Happy Independence Day, John McCain! I hope you get this message down in Mexico. Senator McCain has been traveling for the last few days, and upon his return north, to the United States, he will find that his campaign is still headed south.
Judging by the polls, the more people see of John McCain, the less they like him. The problem for McCain is simple: he has a reputation as a maverick, and a straight-shooter, but almost all of his appearances prove that he is neither of those; instead, he proves to be all over the map on the most important issues of the day, and he frequently shows a real lack of understanding regarding the issues.
It's reminiscent of what happens when a Hollywood actor or a famous athlete lets you into their lives and thus loses their hard-earned mystique. You find out you liked them just fine before you knew a lot about them. Take Tom Cruise. The guy was the top box office star in the world, and then he went on the "Today" show and let Matt Lauer know his thoughts on psychiatry and pharmaceuticals. We didn't need to know -- it was great to remember him as the fighter pilot from "Top Gun."
The more we see of John McCain, the more we think of him not as the maverick or the pilot - no "Top Gun" references intended -- but as the politician, the say-and-do anything with which we are all too familiar.
A Republican of the Teddy Roosevelt tradition on the environment? Now he's for off-shore drilling. Against Guantanamo? Now he's disgusting with the Supreme Court's view that we need to give prisoners rights of Habeas Corpus. Tax cuts? Against them without spending cuts, but now he's for them.
McCain has also put himself in a deep hole with his lack of knowledge on the issues. Take the economy -- McCain's famous quote from December: "The issue of economics is not something I've understood as well as I should. I've got Greenspan's book."
That's a quote that McCain will regret for a long time. But McCain has had more of these statements that I'm certain he wishes he could take back, and as he continues to hold Town Hall meetings, there will be countless statements that come back to haunt him.
Already, Senator McCain has emerged as the underdog in the race against Senator Obama. The Republican Party is hugely unpopular. Senator McCain will have less money to spend than his competition. There have been changes at his campaign due to mismanagement.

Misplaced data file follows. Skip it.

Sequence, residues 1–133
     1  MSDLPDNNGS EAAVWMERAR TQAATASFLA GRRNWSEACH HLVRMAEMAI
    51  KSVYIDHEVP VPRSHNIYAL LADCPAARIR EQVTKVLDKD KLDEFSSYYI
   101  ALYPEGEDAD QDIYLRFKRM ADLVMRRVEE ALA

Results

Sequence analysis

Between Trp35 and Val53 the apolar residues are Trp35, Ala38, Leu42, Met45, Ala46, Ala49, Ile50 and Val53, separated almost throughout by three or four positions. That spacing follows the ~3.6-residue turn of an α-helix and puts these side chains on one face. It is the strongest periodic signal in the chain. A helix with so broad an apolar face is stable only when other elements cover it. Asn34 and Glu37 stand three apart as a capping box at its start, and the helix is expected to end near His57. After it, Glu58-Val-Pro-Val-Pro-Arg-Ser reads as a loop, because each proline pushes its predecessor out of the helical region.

McCain will have several chances to catch up to Obama. He will have the Republican Convention and the debates. But his first opportunity to close ground will be when he selects a running mate. And here's some unsolicited advice for Senator McCain: go long. Throw deep. Go Hail Mary.
You're facing a losing battle, and a conventional pick is not going to help. You have to change the game plan, shake things up. Bobby Jindal was never going to be your pick. He's too young. Mitt Romney is the "play it safe" choice that Democrats want you to make. Wait, I'm a Democrat. Pick Mitt Romney! Tim Pawlenty is a reasonable choice, but where does that get you?
No, I believe that John McCain has to move away from George W. Bush, and away from his own mistakes. He has to pick someone who'll change the conversation. Charlie Christ is a possibility. The George Hamilton of Florida may give McCain the state, and that's not a bad idea. Tom Ridge may help McCain in Pennsylvania, also not bad. But if I'm McCain, I go with one of these two:
Mike Bloomberg. Helps with the independents that McCain needs. Is considered an authority on the economy. Will bring Jewish voters into the McCain camp. New York's not in play, but portions of Pennsylvania and Florida are up for grabs.
Colin Powell. Yes, even though he spoke so forcefully for the Iraq war. He knows he made a tragic mistake. He may believe he can make up for it by supporting the surge and by saying that he would put a new face on American politics. Would he run against the history-making candidacy of Obama? Probably not, but it's worth asking.
Either of those two VP nominees would shake up the race. McCain needs that. A Pawlenty's not going to do it. He needs to create some excitement. He cannot match the sense of history that Obama's campaign has going for it. But in his VP choice, McCain should play the maverick.
Ah, who am I kidding. Powell's not going to run with McCain -- I bet he supports Obama, and the same for Bloomberg. No, McCain's going to go with a safer choice. Pawlenty. Mark Sanford of South Carolina. Romney. McCain's going to play it safe, and that's one of the reason why I wish that he remained John McCain, maverick, war hero, straight talker.